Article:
While there are hundreds of indie folk albums that belong on this list of the best autumn music – the whole genre, arguably – perhaps none are so iconic as Bon Iver’s first record For Emma, Forever Ago. Perhaps we might be mixing in a bit of autobiography here, as For Emma was absolutely everywhere in 2007 when it was first released, although still more underground than Justin Vernon would go on to become.
Even apart from its popularity, and its associations, For Emma, Forever Ago sounds like the autumn, like low-hanging mist over the floor of some Norwegian forest, like woodsmoke hanging on still breeze. Haunting and bewitched, but with a human heart beating in the fog.
Like watching the plays of light on Monet’s Haystacks, Andrew Chalk’s Time Of Hayfield is music for the early autumn – for harvest times and the shifting kaleidoscope of the changing leaves.
It’s also some of the most gorgeous autumn ambient/drone you’re likely to hear, full of starry synths and glowing drones, like the mesmerizing bed of a dying campfire. If you’re looking for a soundtrack to turn yr world into a Keats poem; every ride into a hayride, every walk into a magical, mystical walk in the 100 Acre Woods, give Time Of Hayfield a listen.
From the Arcimboldo-esque album art to October-referencing lyrics, Bonfires On The Heath just SCREAMS “autumn music,” – so much so that it’ll make you feel as if it’s the middle of October even in the height of summer. So autumnal is Bonfires that it seems almost like a collection of short stories, illustrating different aspects of the season – the ghostly workers of “Harvest Time,”; the fire-jumping youths of the title track.
Like several other members of this list, most of The Clientele’s nostalgic indie rock could be described as “autumn music” or would sound at home from September to November. Don’t take this to mean precocious or twee, though, Bonfires on the Heath is surprisingly funky, with a tendency towards jazz/funk upstrokes courtesy of Alasdair Maclean’s guitar, especially when paired Mark Keen’s breakbeat-worthy funky drumming.
Way too blue…
Nick Drake’s entire, and entirely too short, discography deserve to be listed among the best autumn music of all time, but if we have to pick just one, we’re going with Nick Drake’s first album Five Leaves Left, largely due to the foliage-related album title. It’s also a great place to start with Drake’s material, for any who are not yet familiar, as it finds the sweet spot between the sometimes overblown production of Joe Boyd’s sweetening and Nick Drake’s often stark, nearly skeletal beauty.
The arrangements on Five Leaves Left make the album especially pertinent for autumn listening. Like the cello on “The Cello Song”, drifting, swaying, and following with a descending motif like a dry leaf on the breeze. Or the high, clear flute of “The Thoughts Of Mary Jane,” which is about as pastoral as it gets, this side of a Grieg or Vivaldi symphony.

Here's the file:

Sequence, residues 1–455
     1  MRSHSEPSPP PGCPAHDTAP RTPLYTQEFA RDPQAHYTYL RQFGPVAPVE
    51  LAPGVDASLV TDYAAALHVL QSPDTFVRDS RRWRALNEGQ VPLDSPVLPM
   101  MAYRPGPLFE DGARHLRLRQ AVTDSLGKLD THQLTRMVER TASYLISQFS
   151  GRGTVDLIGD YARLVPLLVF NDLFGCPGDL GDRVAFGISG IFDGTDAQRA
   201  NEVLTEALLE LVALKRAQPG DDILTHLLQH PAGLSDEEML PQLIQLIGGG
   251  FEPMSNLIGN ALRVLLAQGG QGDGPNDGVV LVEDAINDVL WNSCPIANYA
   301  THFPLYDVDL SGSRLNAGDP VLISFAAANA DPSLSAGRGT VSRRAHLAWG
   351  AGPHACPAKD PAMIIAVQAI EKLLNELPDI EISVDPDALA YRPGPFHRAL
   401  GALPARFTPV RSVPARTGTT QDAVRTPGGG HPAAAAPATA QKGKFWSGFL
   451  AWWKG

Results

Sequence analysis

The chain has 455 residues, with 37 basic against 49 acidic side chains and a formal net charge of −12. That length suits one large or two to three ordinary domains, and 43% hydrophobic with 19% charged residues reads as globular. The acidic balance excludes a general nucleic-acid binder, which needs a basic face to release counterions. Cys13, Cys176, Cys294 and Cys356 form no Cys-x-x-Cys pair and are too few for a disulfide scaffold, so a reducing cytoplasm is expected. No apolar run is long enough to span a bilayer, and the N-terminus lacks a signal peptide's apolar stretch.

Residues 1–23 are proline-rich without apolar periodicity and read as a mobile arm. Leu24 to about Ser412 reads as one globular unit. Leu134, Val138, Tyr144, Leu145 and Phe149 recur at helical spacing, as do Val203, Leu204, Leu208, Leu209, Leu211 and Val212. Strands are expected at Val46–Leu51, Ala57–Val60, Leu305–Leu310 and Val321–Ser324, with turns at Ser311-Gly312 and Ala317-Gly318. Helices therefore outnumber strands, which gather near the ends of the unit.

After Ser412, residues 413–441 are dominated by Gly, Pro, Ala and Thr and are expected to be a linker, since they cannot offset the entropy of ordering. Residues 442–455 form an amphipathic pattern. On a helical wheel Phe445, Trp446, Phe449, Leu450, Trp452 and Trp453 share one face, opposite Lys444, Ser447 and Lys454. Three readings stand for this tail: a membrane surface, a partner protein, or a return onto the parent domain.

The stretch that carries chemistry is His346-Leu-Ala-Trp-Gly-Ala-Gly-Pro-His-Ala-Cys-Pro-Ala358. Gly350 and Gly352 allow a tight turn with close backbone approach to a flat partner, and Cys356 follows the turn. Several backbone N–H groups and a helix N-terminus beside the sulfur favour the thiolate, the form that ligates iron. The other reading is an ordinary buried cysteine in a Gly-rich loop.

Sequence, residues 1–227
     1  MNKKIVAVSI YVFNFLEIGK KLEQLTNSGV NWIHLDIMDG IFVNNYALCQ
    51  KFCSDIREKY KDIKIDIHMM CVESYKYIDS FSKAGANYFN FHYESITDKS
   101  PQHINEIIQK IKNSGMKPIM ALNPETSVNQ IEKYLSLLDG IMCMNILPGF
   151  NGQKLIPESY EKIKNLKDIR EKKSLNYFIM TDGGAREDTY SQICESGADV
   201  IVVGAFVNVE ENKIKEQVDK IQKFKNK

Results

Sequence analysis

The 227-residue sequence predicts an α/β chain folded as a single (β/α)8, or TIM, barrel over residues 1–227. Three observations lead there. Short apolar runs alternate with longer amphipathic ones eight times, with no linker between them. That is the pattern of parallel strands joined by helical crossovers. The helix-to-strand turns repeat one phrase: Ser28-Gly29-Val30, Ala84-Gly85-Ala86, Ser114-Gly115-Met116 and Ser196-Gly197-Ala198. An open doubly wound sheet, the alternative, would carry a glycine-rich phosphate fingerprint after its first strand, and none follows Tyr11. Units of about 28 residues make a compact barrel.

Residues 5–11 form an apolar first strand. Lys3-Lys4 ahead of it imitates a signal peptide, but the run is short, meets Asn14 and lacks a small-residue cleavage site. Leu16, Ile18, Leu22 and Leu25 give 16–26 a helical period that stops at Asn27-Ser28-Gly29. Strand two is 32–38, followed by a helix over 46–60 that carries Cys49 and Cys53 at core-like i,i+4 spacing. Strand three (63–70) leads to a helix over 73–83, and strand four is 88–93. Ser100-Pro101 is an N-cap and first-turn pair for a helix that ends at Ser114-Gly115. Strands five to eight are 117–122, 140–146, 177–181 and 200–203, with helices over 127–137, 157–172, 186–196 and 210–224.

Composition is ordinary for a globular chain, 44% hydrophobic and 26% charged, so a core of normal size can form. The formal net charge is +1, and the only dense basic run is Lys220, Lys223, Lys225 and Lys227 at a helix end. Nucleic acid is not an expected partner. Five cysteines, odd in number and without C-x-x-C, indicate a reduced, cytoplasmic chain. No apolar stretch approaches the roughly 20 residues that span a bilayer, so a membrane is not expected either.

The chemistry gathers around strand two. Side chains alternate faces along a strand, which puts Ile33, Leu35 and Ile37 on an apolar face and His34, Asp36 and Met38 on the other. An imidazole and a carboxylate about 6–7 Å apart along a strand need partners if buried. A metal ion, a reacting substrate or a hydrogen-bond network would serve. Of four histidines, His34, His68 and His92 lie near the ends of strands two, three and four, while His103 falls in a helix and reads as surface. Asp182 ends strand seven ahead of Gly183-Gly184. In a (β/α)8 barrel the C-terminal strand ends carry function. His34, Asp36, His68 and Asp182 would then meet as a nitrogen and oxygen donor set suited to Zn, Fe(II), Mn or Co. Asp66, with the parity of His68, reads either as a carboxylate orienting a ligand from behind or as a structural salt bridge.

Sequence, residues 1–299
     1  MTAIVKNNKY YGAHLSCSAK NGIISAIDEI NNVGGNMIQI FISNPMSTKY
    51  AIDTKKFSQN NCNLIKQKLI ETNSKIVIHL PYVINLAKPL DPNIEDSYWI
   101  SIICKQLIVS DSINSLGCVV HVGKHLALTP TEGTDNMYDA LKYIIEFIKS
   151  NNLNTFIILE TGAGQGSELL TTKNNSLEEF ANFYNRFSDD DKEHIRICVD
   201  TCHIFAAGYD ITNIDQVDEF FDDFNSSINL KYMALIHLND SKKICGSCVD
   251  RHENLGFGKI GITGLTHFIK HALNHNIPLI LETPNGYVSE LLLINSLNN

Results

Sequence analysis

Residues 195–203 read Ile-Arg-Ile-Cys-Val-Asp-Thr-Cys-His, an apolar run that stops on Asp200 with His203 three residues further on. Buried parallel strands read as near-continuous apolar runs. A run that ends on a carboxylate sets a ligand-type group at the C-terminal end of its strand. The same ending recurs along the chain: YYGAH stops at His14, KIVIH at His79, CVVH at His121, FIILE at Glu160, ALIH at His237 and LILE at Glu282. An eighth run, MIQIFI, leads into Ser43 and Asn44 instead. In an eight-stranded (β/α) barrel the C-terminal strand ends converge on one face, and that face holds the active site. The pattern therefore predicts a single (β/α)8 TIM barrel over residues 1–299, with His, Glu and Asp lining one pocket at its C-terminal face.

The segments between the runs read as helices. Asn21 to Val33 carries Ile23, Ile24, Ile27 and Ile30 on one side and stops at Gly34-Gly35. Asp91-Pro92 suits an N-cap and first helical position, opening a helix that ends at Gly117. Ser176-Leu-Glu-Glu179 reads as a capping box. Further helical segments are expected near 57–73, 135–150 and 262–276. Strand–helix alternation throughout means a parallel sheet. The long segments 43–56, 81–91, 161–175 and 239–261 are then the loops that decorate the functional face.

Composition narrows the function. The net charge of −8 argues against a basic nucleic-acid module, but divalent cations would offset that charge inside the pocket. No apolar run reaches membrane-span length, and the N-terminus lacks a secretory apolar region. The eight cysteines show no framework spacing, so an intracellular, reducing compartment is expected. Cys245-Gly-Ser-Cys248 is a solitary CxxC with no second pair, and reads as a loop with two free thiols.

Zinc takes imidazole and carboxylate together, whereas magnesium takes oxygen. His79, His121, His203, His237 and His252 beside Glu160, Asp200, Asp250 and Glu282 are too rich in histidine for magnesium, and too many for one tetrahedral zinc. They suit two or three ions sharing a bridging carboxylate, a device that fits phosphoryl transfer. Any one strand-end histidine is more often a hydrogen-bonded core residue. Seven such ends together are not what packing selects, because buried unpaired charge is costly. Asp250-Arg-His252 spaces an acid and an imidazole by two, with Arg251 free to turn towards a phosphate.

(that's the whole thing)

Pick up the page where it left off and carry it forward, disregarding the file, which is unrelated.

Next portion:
Perhaps consider Five Leaves Left autumn music for the beginning of Fall, when life is still full of hope and magic and wonder. Pink Moon, on the other hand, might be the soundtrack for late autumn, when no leaves are left, when the day is done in earnest.
Don’t let the band name fool you, much of Richard Adams’ solo slowcore is just as fitting for falling leaves as for snow crunching under foot, if not more so. The autumn lends itself to remembering, for reminiscing and taking stock of yr life. Home For Lost Souls sounds something like visiting yr hometown and discovering how much you’ve changed AND how little some things ever do.
Wistful and melancholic in turns, several albums in The Declining Winter’s catalog make for good autumn music but we went with Home For Lost Souls for its bruised, brooding album art of skeletal trees.
Blazing black metal for the blaze of colours in the trees.
Much of the autumn music we’ve discussed so far has erred towards the sweet and cute, the nostalgic and the reminiscent. The Autumn isn’t just about cuteness and being cozy, though. The season does contain Halloween/Samhain/All Hallow’s Eve. It’s a dark, sinister time of year, when the nights start to get longer, deeper, colder. The wind sighs with dead leaves like the whisper of mad spectres. Loneliness, isolation, regret, burning anger… these are all parts of the Autumn.
Black metal is almost as omnipresent in autumn music as indie folk. One could easily fill 100 pages just writing about autumnal black metal.
For the sake of this list of best albums for autumn, though, we’re going with Autumn Aurora by Ukraine’s Drudkh for a number of reasons:
Autumn Aurora splits the difference between Empyrium-style dark folk/folk metal, and burning, transcendent atmospheric black metal. It sounds like autumnal trees burning not just with changing leaves but with towering flames. This is music for witchcraft, for woodland rituals, for dark deeds in the dead of night.
Autumnal dark folk from black metal wizards Empyrium.
We’re great fans of dark folk here at Forestpunk – in fact, that’s one of the reasons this blog exists in the first place. Too often, folk music is branded as something all-too-clean, polite, bright, and sunshiny. Folk music as lifestyle accessory, which totally overlooks the magick and mystery and menace and malevolence so common in folk music and folklore.
Where At Night The Wood Grouse Plays is the third album from German black metalheads Empyrium. Here, they hang up the blastbeats and distortion pedals in favour of acoustic guitars and flutes. Although the mask may look for different, the spirit is still the same, with a penchant for nature worship and worshipping the wheel of the year. It’s hauntingly beautiful stuff and a reminder you don’t need a bunch of expensive equipment or tricky production to create something beautiful, imaginative, and evocative.